The Pulse: Sept. 23, 2021

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  • 15: Sunny. Wind becoming northwest 20 km/h gusting to 40 near noon. High 15. (forecast)
  • 20yrs: Alberta reported its first COVID-19 death of a person under 20 years old. (details)


Playing it by ear: YEGPodfest celebrates audio storytelling with online festival

By Paul Blinov Paul Blinov in the Arts Roundup

No matter how niche an interest of yours is, there's probably a podcast about it.

The second-annual YEGPodfest is celebrating everything podcasts have to offer with three days of online conversations, panels, and workshops.

"The great thing about podcasting is that the means of production and dissemination are easily available, so there's an inherent diversity of voices and content out there," festival producer Fawnda Mithrush told Taproot.

That diversity is on display in YEGPodfest's lineup — this year's events range from book-focused panel discussions to a conversation with the host of LifeJolt, a podcast about women who have experienced (or are experiencing) Canada's correctional system. There are also masterclasses on audio storytelling and improving podcast listenership, and more.

While there isn't a particular theme to the festival's programming, Mithrush notes some patterns have emerged in the final lineup.

"It was almost impossible to avoid discussions on the political landscape," she says. "Especially with shows like The Strategists, Women of ABpoli, and The Flamethrowers, there are some fascinating angles on how different voices shape our perceptions and awareness of politics."

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By Michelle Ferguson Michelle Ferguson

A map of Edmonton's Karhiio ward

Karhiio: Where the candidates stand on the People's Agenda

By Karen Unland Karen Unland

Taproot asked candidates to complete a 30-question survey based on what we heard when we asked what key issues people wanted the candidates to be talking about as they compete for votes in the 2021 municipal election.

Here are the answers we've received so far from the candidates in Karhiio:

We have not yet received finalized surveys from Muhammad Herman Gill or Sana Kakar. We will update the links above when we receive them.

Want to see which candidates line up best with your own stances? Take the survey and find out.

For more coverage of the 2021 municipal election in Edmonton, visit And for more on the origins of this project, visit our People's Agenda page.

A clipping from Sept. 23, 1974.

A moment in history: Sept. 23, 1974

By Scott Lilwall Scott Lilwall

On this day in 1974, one of Edmonton's oldest churches was seeking a new congregation after being turned into a nightclub.

The 1974 version of a nightclub might be a bit different from what we're used to in 2021, with Friar's boasting dancing, dinner, and a show by the Lee Kenniston Set lounge band.

The impressive brick building that housed the church and then a nightclub has been on 96th Street for more than a century. In its early days, the church served as a vital part of the community for Edmonton's growing German community.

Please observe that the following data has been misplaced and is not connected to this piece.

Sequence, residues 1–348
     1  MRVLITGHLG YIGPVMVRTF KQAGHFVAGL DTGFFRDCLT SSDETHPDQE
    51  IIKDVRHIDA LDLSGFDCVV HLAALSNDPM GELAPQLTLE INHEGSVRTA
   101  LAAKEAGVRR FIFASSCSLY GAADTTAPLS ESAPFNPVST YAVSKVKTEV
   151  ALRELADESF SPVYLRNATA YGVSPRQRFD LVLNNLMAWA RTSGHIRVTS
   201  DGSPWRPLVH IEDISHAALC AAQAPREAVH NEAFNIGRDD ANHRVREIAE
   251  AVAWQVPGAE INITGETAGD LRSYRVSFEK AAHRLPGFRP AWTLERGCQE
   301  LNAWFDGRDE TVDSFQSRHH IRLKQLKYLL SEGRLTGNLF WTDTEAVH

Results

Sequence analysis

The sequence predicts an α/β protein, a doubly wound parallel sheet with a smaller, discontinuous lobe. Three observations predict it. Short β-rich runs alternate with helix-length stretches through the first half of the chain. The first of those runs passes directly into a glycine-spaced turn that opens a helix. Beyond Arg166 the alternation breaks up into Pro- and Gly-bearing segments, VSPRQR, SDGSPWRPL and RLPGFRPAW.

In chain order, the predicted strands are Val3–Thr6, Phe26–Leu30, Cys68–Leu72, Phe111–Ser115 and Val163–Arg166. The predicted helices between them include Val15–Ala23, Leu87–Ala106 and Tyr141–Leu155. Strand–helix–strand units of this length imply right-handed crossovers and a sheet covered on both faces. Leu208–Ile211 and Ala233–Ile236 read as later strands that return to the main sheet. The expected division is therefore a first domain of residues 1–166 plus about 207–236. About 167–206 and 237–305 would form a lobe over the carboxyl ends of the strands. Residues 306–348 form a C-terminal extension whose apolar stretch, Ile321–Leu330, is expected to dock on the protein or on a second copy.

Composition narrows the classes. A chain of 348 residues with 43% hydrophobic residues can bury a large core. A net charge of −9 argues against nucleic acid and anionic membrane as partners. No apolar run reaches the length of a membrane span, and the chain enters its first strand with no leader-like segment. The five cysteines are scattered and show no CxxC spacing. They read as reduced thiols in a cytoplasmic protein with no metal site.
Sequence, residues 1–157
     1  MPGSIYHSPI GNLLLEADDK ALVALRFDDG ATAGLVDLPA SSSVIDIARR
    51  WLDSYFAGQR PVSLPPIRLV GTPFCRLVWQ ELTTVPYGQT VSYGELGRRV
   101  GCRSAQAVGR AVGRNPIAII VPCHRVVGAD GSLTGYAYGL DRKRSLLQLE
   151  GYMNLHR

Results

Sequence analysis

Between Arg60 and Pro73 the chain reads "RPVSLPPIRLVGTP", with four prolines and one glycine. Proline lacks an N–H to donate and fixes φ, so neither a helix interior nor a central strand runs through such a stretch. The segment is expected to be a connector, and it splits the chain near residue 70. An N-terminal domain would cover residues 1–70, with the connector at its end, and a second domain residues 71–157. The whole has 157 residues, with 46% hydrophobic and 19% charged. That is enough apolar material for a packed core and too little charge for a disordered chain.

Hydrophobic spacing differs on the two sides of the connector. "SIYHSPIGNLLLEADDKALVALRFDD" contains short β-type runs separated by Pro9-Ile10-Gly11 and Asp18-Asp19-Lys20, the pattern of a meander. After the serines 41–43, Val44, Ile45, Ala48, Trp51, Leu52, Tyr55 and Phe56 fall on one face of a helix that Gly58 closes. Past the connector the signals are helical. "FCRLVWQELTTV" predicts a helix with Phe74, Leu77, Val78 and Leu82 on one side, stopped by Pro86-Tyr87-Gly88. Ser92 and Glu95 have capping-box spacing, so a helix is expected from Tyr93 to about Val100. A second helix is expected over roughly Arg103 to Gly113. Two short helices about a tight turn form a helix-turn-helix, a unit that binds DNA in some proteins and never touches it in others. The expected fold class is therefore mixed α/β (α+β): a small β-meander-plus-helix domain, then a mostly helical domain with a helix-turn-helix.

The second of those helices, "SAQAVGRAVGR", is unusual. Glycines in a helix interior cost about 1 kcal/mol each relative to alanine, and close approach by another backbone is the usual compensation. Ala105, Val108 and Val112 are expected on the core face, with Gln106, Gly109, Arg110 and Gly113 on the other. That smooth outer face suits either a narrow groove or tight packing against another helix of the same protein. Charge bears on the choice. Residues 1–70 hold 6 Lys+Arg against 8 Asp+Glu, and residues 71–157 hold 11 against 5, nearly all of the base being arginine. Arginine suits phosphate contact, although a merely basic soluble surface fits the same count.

German-speaking residents were rare in Edmonton's early days as a town, with the 1885 census counting only about a dozen people of German origin in the area. As railways grew and transportation became easier, more arrived and by the turn of the century, German-speaking arrivals from Germany, Russia, Austria, and the United States began to settle in and around the city.

The First German Baptist Church was founded in 1900 - the building was quite small, with room for only about 50 people. That proved to be inadequate for a growing community, and it was expanded twice over the next decade. Eventually, the building was sold and a new, larger church was built in the same location.

The church served as a gathering spot for the city's German-speaking community for decades. Shortly after the Second World War began, the church changed its name to Central Baptist and began offering English-language services.

In the 1960s, most of the church's congregation began to move to Edmonton's rapidly expanding suburbs. In 1967, the Central Baptist followed, moving to the south side. The building that had once been the centre of the community sat empty for awhile, before being converted into a steakhouse and eventually Friar's nightclub. By the end of the 1970s, Friar's became a popular disco spot in the city.

However, the nightclub eventually shutdown and the building was abandoned until 1993 when a new owner returned it to its religious roots. It became the Mustard Seed Church, a Christian non-profit that provides support services to unhoused and vulnerable people. Since then, it has provided food, clothing and emergency shelter for Edmonton's unhoused, and has been a partner in the city's plan to eradicate homelessness. As temperatures drop this fall, the Mustard Seed recently put the call out for donations of cold-weather clothing, as well as hygiene products.

This is based on a clipping found on Vintage Edmonton, a daily look at Edmonton's history from armchair archivist @revRecluse — follow @VintageEdmonton for daily ephemera via Twitter.

More information
Edmonton Short Film Festival

Weekend agenda: Sept. 23-26, 2021

By Andy Trussler Andy Trussler

Photo: Edmonton Short Film Festival/Candace Makowichuk